Chances of it being a good adaptation: Depends on how married to the books you are. The novel is 652 pages. A lot is jettisoned for the movie. I like the sleek and streamlined plot, but others are probably howling that their favorite parts were cut.

Julie & Julia
Who did the book: Blogger Julie Powell
What it’s about: Lost soul Julie Powell tries to revive herself by cooking her way through all of the recipes in Julia Child’s cookbook.
Who did the movie: Nora Ephron (Bewitched), with stars Meryl Streep and Amy Adams.
Chances of it being a good adaptation: Pretty good. The movie cuts between the lives of Julie Powell (Adams) and Julia Child (Streep), and I’m pretty sure the movie could succeed on these two actresses’ likeability alone. Also, maybe I’m just being snobby, but I think it’s probably easier to adapt a blog for the big screen since you don't have to deal with subplots or flowery descriptive passages with writerly asides.

The Time Traveler's Wife movieThe Time Traveler’s Wife photograph by Alan Markfield

The Time Traveler’s Wife
Who did the book: Audrey Niffenegger (The Three Incestuous Sisters)
What it’s about: The romantic relationship between protagonists Henry and Clare gets rocky when Henry starts experiencing random, uncontrollable time travel.
Who did the movie: Robert Schwentke (Flightplan), with stars Rachel McAdams and Eric Bana.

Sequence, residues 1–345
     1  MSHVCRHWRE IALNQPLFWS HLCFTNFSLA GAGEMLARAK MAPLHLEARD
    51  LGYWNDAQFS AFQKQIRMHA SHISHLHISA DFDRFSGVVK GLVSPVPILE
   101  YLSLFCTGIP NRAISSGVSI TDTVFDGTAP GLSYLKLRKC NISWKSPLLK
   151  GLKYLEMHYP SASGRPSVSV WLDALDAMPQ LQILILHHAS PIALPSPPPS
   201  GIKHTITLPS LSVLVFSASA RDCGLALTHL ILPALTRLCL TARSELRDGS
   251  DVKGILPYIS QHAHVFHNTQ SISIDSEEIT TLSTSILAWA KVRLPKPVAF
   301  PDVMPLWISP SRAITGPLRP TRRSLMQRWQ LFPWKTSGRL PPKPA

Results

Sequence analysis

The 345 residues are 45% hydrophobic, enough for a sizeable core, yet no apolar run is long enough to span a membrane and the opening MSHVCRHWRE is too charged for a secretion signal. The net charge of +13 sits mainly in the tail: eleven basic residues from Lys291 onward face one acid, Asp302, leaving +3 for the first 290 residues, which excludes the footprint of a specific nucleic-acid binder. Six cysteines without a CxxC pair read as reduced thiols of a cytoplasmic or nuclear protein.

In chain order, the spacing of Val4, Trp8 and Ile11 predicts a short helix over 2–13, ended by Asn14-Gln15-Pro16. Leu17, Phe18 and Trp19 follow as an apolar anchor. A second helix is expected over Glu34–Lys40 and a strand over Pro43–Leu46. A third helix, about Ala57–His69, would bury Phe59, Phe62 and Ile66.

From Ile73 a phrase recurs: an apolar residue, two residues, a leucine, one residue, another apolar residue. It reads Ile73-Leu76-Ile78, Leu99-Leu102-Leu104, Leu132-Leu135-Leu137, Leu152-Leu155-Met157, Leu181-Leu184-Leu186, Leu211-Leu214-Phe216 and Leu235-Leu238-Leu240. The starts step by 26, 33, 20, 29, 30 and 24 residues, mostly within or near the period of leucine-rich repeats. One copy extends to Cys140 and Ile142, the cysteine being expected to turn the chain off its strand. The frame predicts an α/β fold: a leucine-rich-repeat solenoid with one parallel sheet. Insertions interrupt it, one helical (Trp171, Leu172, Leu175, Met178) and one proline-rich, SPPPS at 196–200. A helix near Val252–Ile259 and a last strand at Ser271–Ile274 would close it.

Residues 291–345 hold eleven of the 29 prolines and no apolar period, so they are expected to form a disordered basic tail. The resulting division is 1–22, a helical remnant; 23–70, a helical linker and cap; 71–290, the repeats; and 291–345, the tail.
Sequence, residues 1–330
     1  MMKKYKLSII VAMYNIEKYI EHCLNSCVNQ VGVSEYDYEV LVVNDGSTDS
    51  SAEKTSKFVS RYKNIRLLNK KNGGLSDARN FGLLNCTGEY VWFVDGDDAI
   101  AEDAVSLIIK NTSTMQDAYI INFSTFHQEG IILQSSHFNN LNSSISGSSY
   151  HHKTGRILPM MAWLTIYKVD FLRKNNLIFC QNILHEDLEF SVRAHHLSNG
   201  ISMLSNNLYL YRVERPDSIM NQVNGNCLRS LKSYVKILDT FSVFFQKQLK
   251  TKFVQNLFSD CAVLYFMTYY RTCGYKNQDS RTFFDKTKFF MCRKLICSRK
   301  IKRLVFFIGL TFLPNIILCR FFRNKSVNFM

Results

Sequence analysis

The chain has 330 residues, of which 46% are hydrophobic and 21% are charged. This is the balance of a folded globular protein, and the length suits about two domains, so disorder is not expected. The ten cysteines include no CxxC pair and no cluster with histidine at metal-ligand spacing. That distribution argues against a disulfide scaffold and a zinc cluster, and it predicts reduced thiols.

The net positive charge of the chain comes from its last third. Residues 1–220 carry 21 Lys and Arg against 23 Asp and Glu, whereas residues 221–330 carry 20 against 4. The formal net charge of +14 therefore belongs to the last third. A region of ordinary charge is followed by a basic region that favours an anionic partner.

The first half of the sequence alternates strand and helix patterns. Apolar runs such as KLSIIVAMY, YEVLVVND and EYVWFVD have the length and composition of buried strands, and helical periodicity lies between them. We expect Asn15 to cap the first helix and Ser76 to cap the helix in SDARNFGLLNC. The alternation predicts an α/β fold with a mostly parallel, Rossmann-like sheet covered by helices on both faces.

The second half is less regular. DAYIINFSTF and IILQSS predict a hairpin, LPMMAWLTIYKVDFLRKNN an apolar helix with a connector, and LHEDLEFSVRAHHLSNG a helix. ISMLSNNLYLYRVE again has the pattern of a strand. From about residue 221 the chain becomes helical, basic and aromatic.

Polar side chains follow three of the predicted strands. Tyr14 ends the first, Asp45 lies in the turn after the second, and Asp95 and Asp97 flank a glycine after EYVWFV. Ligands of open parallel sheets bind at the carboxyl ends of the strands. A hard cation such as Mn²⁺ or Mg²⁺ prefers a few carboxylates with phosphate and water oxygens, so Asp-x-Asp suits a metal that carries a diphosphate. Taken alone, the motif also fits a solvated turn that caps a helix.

Chances of it being a good adaptation: For a book that my personal anecdotal evidence suggests is universally beloved, the chances for the movie aren’t looking too good. The release has been long-delayed (usually a bad sign), and there were rumors of problems necessitating extensive re-shoots (which were also delayed because Eric Bana was bald for Star Trek). Also, the trailer — with its twinkly music — just looks cheesy.

Taking Woodstock
Who did the book: Catskill motel owner Elliot Tiber (with Tom Monte)
What it’s about: Tiber’s memoir describes his role in Woodstock, which next month has its 40th anniversary.
Who did the movie: Westchester resident Ang Lee (Brokeback Mountain), with stars Demetri Martin, Emile Hirsch, and Jonathan Groff.
Chances of it being a good adaptation: I adore Martin and Lee, so I’d like to think this will turn out okay, but response from Cannes was less than enthusiastic.

Look out for some big adaptations in the fall/winter, including The Road, Where the Wild Things Are, Youth in Revolt, Precious (based on the novel Push), New Moon, The Lovely Bones, and maybe even An Invisible Sign of My Own. This is your warning to get started reading them, before the editions with the movie tie-in covers come out.

 


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Marisa LaScala

Marisa LaScala
Elmsford, NY


Associate Editor Marisa LaScala joined Westchester magazine in 2003, and ever since she's blown every paycheck at the Greenburgh Multiplex. She also staunchly defends Richard Kelly, doesn't mind spoiling the endings of trashy movies you're curious about but don't want to pay to see, wishes the Hold Steady would come back and rock out Westchester, misses Arrested Development more than anyone can imagine, and still watches cartoons and Saturday Night Live. You can find more of her cultural criticism at www.popmatters.com, where she is a staff writer.